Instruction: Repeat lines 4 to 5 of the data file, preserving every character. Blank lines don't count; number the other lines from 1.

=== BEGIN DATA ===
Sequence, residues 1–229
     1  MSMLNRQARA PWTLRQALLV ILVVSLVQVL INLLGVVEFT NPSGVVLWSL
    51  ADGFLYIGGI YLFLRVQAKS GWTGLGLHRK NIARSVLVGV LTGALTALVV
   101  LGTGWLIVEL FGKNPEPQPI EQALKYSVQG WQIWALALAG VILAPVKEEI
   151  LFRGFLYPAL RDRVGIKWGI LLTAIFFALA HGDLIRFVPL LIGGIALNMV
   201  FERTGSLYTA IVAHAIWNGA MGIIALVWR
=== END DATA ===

   101  LGTGWLIVEL FGKNPEPQPI EQALKYSVQG WQIWALALAG VILAPVKEEI
   151  LFRGFLYPAL RDRVGIKWGI LLTAIFFALA HGDLIRFVPL LIGGIALNMV